Is type a POD type ?

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DMINATOR    240
Hi I was reading lately allot information regarding memory management techniques and how to apply them to C++. I know that there are 2 different types POD and non POD. And the STL optimizes vector class or allocators to use the best algorithm for the right type. Somehow it knows what type is POD. So anyone knows how can I find if type is POD type ?

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CTar    1134
There is no standard way to determine it. You have a couple of options though. If you know the compiler then most compilers have a way to determine whether a type is POD, but this isn't portable (this is usually what standard libraries do). A better approach for a normal programmer would be to use Boost.TypeTraits.is_pod which tries to determine if a type is POD (through specialization for different compilers and advanced techniques).

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The future standard will contain the current TR1, which defines a similar beast (std::tr1::is_pod<T>, which will become std::is_pod<T> IIRC). The VC++ .NET 2005 compiler contains a compiler intrisic which is named __is_pod(). And boost provide a mostly correct way to handle the situation.

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Jaiminho    184
In GCC's includes, it is done like this: creates 2 structures __false_type and __true_type, which are typedef'd inside a templated structure, which is specialized to each of the POD types, so non specialized get to be non POD. Like this:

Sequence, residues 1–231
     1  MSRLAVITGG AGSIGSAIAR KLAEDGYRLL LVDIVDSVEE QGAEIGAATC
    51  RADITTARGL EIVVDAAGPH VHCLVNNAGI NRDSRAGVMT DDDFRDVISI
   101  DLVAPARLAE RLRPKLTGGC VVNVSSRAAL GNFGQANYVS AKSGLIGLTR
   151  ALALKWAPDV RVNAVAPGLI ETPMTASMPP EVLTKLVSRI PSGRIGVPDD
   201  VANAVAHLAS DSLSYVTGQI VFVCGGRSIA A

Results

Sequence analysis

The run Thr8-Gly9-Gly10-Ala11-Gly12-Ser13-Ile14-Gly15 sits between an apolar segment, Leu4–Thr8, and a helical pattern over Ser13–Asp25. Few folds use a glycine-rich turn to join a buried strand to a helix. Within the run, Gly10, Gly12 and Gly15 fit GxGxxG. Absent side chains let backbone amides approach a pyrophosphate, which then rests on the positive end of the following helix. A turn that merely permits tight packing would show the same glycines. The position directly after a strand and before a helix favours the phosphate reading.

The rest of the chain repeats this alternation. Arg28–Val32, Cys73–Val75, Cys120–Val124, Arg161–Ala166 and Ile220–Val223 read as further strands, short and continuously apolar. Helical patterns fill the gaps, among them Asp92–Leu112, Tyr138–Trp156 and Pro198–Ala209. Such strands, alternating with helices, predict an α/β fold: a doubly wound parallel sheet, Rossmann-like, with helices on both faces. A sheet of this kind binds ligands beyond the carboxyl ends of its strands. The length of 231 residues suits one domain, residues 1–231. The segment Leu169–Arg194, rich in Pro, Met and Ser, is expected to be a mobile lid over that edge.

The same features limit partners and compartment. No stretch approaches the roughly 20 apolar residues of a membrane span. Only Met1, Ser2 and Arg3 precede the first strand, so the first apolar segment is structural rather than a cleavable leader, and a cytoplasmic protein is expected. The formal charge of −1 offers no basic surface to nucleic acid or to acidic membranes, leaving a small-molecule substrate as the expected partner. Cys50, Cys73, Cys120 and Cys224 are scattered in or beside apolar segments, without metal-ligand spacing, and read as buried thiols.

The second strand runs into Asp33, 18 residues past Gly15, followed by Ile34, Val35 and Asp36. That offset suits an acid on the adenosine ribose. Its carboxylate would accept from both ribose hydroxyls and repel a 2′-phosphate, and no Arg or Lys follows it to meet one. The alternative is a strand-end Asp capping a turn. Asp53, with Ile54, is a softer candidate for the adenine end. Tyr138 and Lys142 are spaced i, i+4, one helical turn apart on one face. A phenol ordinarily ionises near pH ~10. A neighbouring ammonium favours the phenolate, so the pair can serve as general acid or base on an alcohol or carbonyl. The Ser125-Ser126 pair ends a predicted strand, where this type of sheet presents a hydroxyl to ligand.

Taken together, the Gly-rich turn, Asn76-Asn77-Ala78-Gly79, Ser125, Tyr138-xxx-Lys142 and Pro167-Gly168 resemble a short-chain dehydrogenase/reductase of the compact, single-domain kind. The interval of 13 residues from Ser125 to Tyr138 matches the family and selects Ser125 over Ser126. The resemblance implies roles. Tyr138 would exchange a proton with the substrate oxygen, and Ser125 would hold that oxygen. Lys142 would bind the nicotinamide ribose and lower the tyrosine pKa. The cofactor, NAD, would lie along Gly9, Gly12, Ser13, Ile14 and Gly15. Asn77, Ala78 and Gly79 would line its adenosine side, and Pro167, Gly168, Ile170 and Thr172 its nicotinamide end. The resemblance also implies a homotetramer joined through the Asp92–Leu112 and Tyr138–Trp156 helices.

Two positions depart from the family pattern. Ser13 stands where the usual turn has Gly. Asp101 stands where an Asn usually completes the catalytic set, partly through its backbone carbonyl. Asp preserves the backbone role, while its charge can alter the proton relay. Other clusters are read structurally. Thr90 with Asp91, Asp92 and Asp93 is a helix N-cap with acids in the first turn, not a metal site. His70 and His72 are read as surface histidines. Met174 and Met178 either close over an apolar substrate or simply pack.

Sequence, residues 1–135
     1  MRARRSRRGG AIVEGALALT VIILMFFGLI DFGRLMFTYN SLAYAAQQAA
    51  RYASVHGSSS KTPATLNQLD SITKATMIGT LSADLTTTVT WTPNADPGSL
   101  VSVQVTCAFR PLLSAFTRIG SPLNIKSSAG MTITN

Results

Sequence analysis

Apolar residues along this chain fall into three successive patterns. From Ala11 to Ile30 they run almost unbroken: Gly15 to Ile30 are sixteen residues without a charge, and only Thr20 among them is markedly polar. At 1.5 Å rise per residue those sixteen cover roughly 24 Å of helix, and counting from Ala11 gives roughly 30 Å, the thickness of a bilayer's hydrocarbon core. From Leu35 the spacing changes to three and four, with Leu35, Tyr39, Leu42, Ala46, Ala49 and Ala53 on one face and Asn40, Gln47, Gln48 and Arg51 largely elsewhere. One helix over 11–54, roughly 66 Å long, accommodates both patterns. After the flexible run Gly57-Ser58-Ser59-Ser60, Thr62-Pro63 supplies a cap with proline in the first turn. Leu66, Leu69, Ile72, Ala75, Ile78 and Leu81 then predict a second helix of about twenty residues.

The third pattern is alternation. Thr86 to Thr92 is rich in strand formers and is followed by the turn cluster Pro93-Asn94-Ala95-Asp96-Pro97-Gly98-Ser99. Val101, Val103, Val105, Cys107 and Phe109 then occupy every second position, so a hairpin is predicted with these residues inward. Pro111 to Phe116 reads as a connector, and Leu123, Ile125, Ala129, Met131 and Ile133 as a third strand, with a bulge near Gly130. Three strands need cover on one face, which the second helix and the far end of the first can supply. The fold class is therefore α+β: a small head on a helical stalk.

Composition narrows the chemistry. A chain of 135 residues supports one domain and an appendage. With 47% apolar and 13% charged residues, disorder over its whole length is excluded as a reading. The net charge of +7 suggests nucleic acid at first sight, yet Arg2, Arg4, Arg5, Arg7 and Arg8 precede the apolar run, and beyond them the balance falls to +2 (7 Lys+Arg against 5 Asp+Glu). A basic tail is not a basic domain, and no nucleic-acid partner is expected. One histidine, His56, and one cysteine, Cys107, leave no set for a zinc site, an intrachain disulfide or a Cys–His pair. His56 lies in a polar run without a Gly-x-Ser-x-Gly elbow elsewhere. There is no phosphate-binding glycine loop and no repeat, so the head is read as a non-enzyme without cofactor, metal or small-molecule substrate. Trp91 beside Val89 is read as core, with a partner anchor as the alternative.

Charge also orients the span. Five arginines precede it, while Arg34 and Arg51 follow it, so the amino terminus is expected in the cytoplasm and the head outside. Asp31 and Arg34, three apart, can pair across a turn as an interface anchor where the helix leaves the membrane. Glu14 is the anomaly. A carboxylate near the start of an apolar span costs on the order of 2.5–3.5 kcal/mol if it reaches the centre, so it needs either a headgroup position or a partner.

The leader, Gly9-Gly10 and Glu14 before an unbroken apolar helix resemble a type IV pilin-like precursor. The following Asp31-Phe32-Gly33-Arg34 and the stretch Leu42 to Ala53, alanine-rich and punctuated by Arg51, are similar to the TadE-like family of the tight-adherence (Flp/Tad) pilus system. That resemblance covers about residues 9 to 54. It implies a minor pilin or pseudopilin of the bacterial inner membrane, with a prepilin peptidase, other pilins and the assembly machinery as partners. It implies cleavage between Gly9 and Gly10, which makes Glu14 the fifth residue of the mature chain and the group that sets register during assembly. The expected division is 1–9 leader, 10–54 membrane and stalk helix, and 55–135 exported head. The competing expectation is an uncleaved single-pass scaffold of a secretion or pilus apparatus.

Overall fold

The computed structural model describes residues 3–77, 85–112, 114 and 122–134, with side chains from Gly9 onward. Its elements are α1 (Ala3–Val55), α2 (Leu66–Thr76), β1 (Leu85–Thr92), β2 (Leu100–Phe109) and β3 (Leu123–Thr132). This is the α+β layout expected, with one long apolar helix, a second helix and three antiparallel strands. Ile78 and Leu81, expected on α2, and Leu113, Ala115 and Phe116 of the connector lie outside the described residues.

struct __true_type { };struct __false_type { };template <class T>struct type_traits{    typedef __false_type is_POD_type;};template <class T>struct type_traits<T*>{    typedef __true_type is_POD_type;};template <>struct type_traits<char>{    typedef __true_type is_POD_type;};// and so on...// Then, you can define these functions to check if its POD:inline bool check_POD_aux(__false_type){    return false;}inline bool check_POD_aux(__true_type){    return true;}template <class T>inline bool check_POD(){    return check_POD_aux(typename type_traits<T>::is_POD_type());}

To make sure your code will compile everywhere, you can do this by yourself, since it's nice and easy and simple (AFAIK, every standard-compliant compiler would implement this to work the same way). Just make sure you change these type names so it won't conflict with anything when compiling with GCC.

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DMINATOR    240
Thanks to everyone for the answers.

I guess there is not many options I have, I hope there would be some standard implementation in the future though.

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CTar    1134
Quote:
 Original post by DMINATORI guess there is not many options I have, I hope there would be some standard implementation in the future though.

It's implemented in TR1 so while it isn't a part of the 2003 C++ standard it's a part of a standard technical report. Whether it is standard just depends on what standard you refers to (2003 vs. 2003 with TR1). The problem is that all compilers have implemented the whole TR1 and some have a slightly different interface.

Actually a new version of the Boost library was released a couple of days ago and it includes a wrapper around the TR1 functionality provided by the compiler. If none is provided Boost uses its own implementation of TR1 which conforms to the 2003 standard. According to the documentation std::tr1::is_pod<T> provided by Boost.TR1 doesn't differ from the one in the technical report in any way.